COVID-19

Why some business owners are applying for PPP loans at the last minute

Justin Ho Jun 29, 2020
Heard on: Marketplace
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A woman makes a purchase at a Nevada coffee shop. Some small business owners are applying for PPP loans now because they weren't sure whether they were eligible before. Ethan Miller/Getty Images
COVID-19

Why some business owners are applying for PPP loans at the last minute

Justin Ho Jun 29, 2020
A woman makes a purchase at a Nevada coffee shop. Some small business owners are applying for PPP loans now because they weren't sure whether they were eligible before. Ethan Miller/Getty Images
HTML EMBED:
COPY

Businesses have one day left to get approval for loans from the $134 billion remaining in the federal Paycheck Protection Program. Now that it’s winding down, some businesses are getting their applications in at the last minute. 

Back in April, a PPP loan sounded like a lifesaver to Richard Marks. He runs a professional training company called RDM Management Group, a business built on face-to-face meetings that haven’t been happening.

But Marks doesn’t have any employees. So from the outset, he wasn’t sure whether he was eligible for a loan.

“My interpretation was that I had to have employees on a payroll in order to apply for PPP,” Marks said.

About two weeks ago, Marks heard from another business owner with no employees who received a PPP loan. So Marks applied, and the Small Business Administration approved his application this past Friday. He’s relieved but wishes he’d known sooner that he was eligible.

“If you’re not plugged in, if you don’t know what you don’t know, you end up missing out,” Marks said.

Some business owners are resubmitting applications at the last minute, even though they’ve been trying from the beginning.

“I was just like checking my email,” said Holly Dreeuws, who co-owns Waterline Pools and Spas in San Diego. “I’ve never checked my email as much in my life. Constantly checking to see if I got anything.”

She was rejected four times before finally submitting a successful application. Once because the first round of PPP money ran out. Another bank said she couldn’t apply without an existing account.

After a while, Dreeuws said, she gave up hope. She was even thinking about taking out a personal loan to keep her business running.

But last week, she applied through a new bank and got approved.

“My husband and I were ecstatic. Ecstatic!” Dreeuws said. “It’s been a very stressful few weeks for us, financially.”

Not everyone’s quite there yet. Sherard Duvall, president and CEO of OTR Media Group, a media production company in South Carolina, has applied to seven lenders for a PPP loan without luck so far.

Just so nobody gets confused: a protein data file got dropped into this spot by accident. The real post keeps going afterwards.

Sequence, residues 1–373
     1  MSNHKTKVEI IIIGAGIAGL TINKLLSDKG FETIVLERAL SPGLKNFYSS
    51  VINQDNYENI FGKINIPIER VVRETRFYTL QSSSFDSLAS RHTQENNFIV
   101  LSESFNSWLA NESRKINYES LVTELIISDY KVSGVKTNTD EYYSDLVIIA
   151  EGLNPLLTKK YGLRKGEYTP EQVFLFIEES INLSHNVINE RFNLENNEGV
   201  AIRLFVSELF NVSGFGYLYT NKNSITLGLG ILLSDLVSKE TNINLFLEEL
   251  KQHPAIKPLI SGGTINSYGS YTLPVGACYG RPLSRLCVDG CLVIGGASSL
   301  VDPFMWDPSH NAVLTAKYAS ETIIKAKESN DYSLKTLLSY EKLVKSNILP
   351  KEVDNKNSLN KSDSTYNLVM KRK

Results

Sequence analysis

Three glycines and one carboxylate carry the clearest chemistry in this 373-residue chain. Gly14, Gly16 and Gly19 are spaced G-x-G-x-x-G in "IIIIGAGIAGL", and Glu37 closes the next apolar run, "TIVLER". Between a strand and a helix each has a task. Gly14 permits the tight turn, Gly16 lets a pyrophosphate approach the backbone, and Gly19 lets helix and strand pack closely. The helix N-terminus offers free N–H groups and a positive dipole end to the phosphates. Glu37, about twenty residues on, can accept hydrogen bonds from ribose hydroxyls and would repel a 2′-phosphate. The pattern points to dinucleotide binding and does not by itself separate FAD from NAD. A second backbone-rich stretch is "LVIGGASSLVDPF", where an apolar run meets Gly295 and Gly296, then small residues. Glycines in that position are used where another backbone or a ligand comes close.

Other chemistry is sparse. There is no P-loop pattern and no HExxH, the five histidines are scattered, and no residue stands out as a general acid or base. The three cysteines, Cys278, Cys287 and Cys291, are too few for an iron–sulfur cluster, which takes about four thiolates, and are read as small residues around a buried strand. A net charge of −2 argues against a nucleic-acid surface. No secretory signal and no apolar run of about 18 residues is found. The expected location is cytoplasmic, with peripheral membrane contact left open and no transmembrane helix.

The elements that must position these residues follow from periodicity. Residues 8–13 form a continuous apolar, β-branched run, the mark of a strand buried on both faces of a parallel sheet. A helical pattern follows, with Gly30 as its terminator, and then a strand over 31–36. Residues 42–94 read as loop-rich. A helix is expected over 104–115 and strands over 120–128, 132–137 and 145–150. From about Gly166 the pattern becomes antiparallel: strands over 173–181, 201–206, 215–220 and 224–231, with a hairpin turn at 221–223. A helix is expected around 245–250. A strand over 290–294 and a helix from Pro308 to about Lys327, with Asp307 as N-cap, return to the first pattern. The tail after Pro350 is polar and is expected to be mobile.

“It’s been a three-month slog and struggle,” Duvall said. “Frustrating is probably the best word to describe it. Upsetting, really.”

One bank did approve an application that Duvall submitted a couple of weeks ago, but he still hasn’t heard whether the SBA has approved it. He applied through another lender last week, but it’s asking for more paperwork.

“It looks like I’m going to be down to the wire,” Duvall said.

Duvall said the PPP money would help him pay employees, utility bills, rent and invoices he still hasn’t paid. But at this point, he has very little confidence that he’ll receive any assistance.

COVID-19 Economy FAQs

Are states ready to roll out COVID-19 vaccines?

Claire Hannan, executive director of the nonprofit Association of Immunization Managers, which represents state health officials, said states have been making good progress in their preparations. And we could have several vaccines pretty soon. But states still need more funding, she said. Hannan doesn’t think a lack of additional funding would hold up distribution initially, but it could cause problems down the road. “It’s really worrisome that Congress may not pass funding or that there’s information circulating saying that states don’t need additional funding,” she said.

How is the service industry dealing with the return of coronavirus restrictions?

Without another round of something like the Paycheck Protection Program, which kept a lot of businesses afloat during the pandemic’s early stages, the outlook is bleak for places like restaurants. Some in the San Francisco Bay Area, for example, only got one week of indoor dining back before cases rose and restrictions went back into effect. Restaurant owners are revamping their business models in an effort to survive while waiting to see if they’ll be able to get more aid.

How are hospitals handling the nationwide surge in COVID-19 cases?

As the pandemic surges and more medical professionals themselves are coming down with COVID, nearly 1 in 5 hospitals in the country report having a critical shortage of staff, according to data from the Department of Health and Human Services. One of the knock-on effects of staff shortages is that people who have other medical needs are being asked to wait.

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